Hudson Valley Power Companies Could Be Fined $137 million
Three Hudson Valley electric companies are facing fines of over $137 million and could lose their license for allegedly failing to respond quickly enough to Tropical Storm Isaias.
Governor Andrew M. Cuomo announced that the New York State Public Service Commission has completed its investigation into the apparent failure of New York's electric utilities to adequately prepare for and respond to Tropical Storm Isaias, which ravaged large swaths of New York State this summer.
As a result of the investigation, three of the state's largest utilities - Con Edison, Orange & Rockland and Central Hudson - now face potential penalties totaling $137.3 million, with Con Edison and O&R also facing potential license revocation, officials say.
All three will now be required to explain why penalties should not be imposed for such apparent violations of the laws, regulations and orders that are designed to ensure the safety and reliability of the electric system, according to Cuomo's office.
"We had Hurricane Isaias back in August and we once again had delays from the utility companies. They want to say the storm is the reason why the service was disrupted. I understand that, and New Yorkers are reasonable, but we're paying you for the service of restoring power after the storm. I'm going to do everything I can do to make sure New Yorkers are compensated, and certainly that New Yorkers are not paying for service they're not getting," Cuomo said. "I asked the PSC to do an investigation and as a result of its swift action, the three utilities could be penalized $137 million, which is one of the most significant penalties. They have a right to contest. Let them contest. We will remain diligent in pursuit of the penalties because we are serious."
On the afternoon of August 4, 2020, Tropical Storm Isaias struck New York, bringing strong winds and heavy rain that particularly impacted the Mid-Hudson, New York City, and Long Island regions. The storm caused extensive damage to electric distribution infrastructure that, in turn, led to lengthy outages for a substantial number of New York utility customers. Peak outages affected approximately 900,000 customers.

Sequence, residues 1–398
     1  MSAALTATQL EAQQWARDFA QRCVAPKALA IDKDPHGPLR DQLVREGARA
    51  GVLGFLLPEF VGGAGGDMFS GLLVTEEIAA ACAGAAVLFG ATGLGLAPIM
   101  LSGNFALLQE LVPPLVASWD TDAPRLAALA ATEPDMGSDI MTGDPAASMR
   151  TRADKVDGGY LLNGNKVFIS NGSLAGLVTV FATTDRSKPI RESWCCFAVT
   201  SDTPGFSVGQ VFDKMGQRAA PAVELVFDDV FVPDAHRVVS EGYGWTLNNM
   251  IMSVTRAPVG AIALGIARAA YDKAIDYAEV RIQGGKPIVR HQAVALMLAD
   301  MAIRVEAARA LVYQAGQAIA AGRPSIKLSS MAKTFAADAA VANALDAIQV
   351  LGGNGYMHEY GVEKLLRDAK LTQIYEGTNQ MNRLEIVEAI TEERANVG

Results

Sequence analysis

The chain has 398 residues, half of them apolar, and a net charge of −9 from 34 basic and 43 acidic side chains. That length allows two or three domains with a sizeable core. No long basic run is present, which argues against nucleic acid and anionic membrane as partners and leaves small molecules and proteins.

Below is what the investigation found:
- Con Edison: The Department's initial investigation showed that Con Edison's response to the storm was wholly inadequate and that Con Edison apparently failed to follow its Commission-ordered Emergency Response Plan's requirements relating to its damage assessment responsibilities; and its published estimated time of restoration notices. Recognizing prior instances where Con Edison's storm event response had fallen short of legal requirements, staff noticed that its investigation would include the determination of whether Con Edison's certificate of public convenience and necessity — the prerequisite legal requirement for exercising franchise rights necessary to provide electric service in New York — should or should not be revoked based on these apparent violations as well as Con Edison's prior failures to adequately prepare and respond to emergencies.
- O&R: The Department's initial investigation showed that O&R apparently failed to follow its Commission-ordered Emergency Response Plan's requirements relating to pre-storm crewing assessments. As with Con Edison, and similarly recognizing prior instances where O&R's storm event response had fallen short of legal requirements, staff noticed that its investigation would include the determination of whether O&R's certificate should not be revoked based on these apparent violations as well as O&R's prior failures to adequately prepare and respond to emergencies.
- Central Hudson: The Department's initial investigation showed that Central Hudson had apparently failed to follow its Commission-ordered Emergency Response Plan's requirements relating to its damage assessment responsibilities; and internal website failures.